Don’t optimize yet—look for the bigger picture

The Problem

This will sound familiar, even when you don’t write code in Python: at one point, you have a need for a simple vehicle for multiple values. In Python, your go-to solution is of course the tuple:

values = (altitude, velocity, mass)

And in many cases that’s sufficient, although it leads to ugly downstream effects:

# calculate kinetic energy
kinetic = .5 * values[1] * values[1] * values[2]

Surely not the most readable code. Of course, we can store values in a dictionary:

values = dict(altitude=20000, velocity=500, mass=3000)
...
kinetic = .5 * values['mass'] * values['velocity']**2

And that is surely better, but… a dict is not exactly a lightweight object, and a bit of an overkill for these kind of cases. The Pythonic solution is of course, to have store these values as attributes in an object, and access them that way. Faster, and less memory use than a dict!

But I have tons of these cases and I don’t want to clutter my code with all kinds of ad-hoc class definitions to carry these values!

That in itself is a legit thought. And what follows is a classic case of “jumping in solution mode:”

How do I create an empty object on the fly, to assign attributes to?

The first attempt is to simply use the—literal—mother of all objects, object (and let’s try this out in interactive mode):

>>> values = object()
>>> values.altitude = 20000
Traceback (most recent call last):
File "", line 1, in
values.altitude = 20000
AttributeError: 'object' object has no attribute 'altitude'

What happened there? Well, object is indeed the mother of all objects. Remember, in Python everything is an object, even primitives like integers. Since everything is a subclass of object, giving it the ability to have attributes would give attributes to primitive values, and we certainly don’t want that.

But functions can have attributes, so that leads to a popular hack that does work:

>>> values = lambda:0
>>> values.altitude = 20000
>>> values.velocity = 500
>>> values.mass = 300
>>> print(values.altitude)
20000

Wonderful! Of course, nearly no one who hasn’t seen this hack will understand your code, because it’s an obscure trick. Use lambda to create a function on the fly (remember, CreateFunction would have been a better name for lambda), and what the function does is irrelevant, so it is made to return zero. Tadaa! And then we add attributes to our value object, which is really a function that just returns 0. But hey, it works.

Time to step back for a moment

The whole point was to create an object to store attributes in. We ended up with, let’s be honest here, a hack, that gives us such an object. At the price of readability of your code. And that is a very high price!

Why not just create a class for such an object? In other languages such a structure is called a Custom Type (Visual Basic) or simply Struct (C and C++). At the expense of one line of code, we can define a Struct class that does exactly the same as the lambda hack, but better, because the code reveals our intentions:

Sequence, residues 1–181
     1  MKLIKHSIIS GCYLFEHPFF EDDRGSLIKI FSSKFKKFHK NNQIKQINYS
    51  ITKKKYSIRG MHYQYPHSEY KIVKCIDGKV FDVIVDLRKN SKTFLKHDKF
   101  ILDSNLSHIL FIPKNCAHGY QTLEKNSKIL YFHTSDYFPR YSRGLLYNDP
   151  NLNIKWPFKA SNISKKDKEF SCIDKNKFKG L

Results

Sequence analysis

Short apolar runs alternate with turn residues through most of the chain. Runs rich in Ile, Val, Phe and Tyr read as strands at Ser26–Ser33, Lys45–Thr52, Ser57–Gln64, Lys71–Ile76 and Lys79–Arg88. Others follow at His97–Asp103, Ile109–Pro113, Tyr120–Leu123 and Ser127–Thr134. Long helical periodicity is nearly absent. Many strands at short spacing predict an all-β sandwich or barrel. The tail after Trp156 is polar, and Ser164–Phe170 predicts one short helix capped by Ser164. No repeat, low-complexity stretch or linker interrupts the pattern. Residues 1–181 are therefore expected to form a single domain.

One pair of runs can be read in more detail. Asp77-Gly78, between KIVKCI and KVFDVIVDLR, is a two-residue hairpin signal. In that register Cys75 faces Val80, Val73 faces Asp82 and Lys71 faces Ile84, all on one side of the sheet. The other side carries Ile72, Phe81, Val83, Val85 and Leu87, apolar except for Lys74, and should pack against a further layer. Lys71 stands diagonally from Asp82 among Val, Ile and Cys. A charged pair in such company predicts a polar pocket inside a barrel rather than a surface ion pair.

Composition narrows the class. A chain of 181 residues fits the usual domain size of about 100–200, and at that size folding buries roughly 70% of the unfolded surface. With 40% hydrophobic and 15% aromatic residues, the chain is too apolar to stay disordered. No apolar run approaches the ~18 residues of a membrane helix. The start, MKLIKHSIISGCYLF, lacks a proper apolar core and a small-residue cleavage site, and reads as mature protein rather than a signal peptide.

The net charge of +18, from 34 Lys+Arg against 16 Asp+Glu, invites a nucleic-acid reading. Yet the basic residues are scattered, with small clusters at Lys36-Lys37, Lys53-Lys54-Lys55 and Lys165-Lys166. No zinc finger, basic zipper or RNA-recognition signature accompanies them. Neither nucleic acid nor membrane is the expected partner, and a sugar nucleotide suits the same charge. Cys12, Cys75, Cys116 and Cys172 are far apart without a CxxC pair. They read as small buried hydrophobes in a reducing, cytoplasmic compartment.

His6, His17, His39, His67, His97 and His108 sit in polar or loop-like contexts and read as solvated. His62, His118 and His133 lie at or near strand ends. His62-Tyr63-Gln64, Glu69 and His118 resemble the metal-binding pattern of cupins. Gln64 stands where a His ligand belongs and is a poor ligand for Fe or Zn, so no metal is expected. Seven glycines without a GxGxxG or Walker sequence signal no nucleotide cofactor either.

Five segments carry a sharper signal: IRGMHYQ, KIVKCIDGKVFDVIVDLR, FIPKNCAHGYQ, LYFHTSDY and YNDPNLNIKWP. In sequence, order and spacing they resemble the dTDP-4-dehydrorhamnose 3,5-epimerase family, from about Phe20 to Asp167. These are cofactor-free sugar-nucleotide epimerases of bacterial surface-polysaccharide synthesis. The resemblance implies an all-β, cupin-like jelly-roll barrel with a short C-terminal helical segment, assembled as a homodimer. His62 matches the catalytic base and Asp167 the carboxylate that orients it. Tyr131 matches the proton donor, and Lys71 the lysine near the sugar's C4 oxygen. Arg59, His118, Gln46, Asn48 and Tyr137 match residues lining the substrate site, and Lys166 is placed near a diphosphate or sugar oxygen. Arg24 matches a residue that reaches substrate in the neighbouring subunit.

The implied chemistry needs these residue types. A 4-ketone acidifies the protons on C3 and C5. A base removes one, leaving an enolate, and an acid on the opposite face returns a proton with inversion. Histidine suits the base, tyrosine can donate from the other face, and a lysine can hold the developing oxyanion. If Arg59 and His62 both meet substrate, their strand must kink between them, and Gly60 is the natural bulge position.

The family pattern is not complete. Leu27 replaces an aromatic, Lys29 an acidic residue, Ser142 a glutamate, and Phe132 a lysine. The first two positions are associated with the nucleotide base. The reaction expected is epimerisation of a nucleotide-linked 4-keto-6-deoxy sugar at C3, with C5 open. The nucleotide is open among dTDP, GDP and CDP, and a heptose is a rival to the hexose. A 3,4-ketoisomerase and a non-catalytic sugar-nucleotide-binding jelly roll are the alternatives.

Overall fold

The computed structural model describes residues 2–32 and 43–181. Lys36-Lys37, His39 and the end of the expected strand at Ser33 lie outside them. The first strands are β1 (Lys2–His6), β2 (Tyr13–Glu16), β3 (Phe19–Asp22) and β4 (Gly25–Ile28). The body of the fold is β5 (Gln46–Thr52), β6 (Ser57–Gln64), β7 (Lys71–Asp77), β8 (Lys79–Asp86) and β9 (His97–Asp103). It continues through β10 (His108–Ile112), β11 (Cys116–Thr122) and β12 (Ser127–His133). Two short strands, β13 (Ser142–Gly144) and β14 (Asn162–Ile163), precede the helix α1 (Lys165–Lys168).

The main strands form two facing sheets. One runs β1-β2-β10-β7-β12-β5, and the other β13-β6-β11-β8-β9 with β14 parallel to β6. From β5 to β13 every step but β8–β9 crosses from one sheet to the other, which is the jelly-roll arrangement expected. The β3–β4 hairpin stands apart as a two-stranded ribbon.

class Struct: pass
values = Struct()
values.altitude = 20000
values.velocity = 500
values.mass = 300
print(values.altitude)
>>>20000

Obviously, the class definition of Struct can go at the top of your code. But there you have it; at the expense of one extra line, we now have a reusable vehicle for ad-hoc data storage. A price well worth paying, one might say.

But wait, there’s more!

But let’s think this through for just one second. The use case for this is when we have more than one value to transfer, otherwise we’d just stuck that value into a variable, right? So, with the minimum of two values to transfer (and packing and unpacking that into a tuple is trivial, so it’s more likely to have at least three or more values) we need at least three lines of code to prepare our data: one line to create the object and two lines (or more) to assign the attributes.

Hmm.

What if, instead, we invested in two more lines of code into our Struct?

class Struct:
    def __init__(self, **kwargs):
        self.__dict__.update(kwargs)

While this may look like a hack, it’s fairly reasonable to expect a seasoned Python coder to understand this:

  • The init function takes a dictionary of keyworded arguments (** = keyword arguments packed in a dictionary)
  • It then updates the attribute list (represented by __dict__) with the keyword/value pairs inside the kwargs dict.

In other words, for two extra lines of code we can now initialize our Struct with keyworded values and get an immediate return-of-investment on those two extra lines in the definition of Struct:

values = Struct(altitude=20000, velocity=500, mass=300)
print(values.altitude)
>>>20000

Only one line of code is required to build our “object” instead of four; the investment of an extra two lines in the definition of Struct pays off immediately, and it’s a gift that keeps on giving! Less clutter, more clarity, and an efficient vehicle to transfer your data to another part of your code, just as Guido intended it to be. Truly Pythonic!

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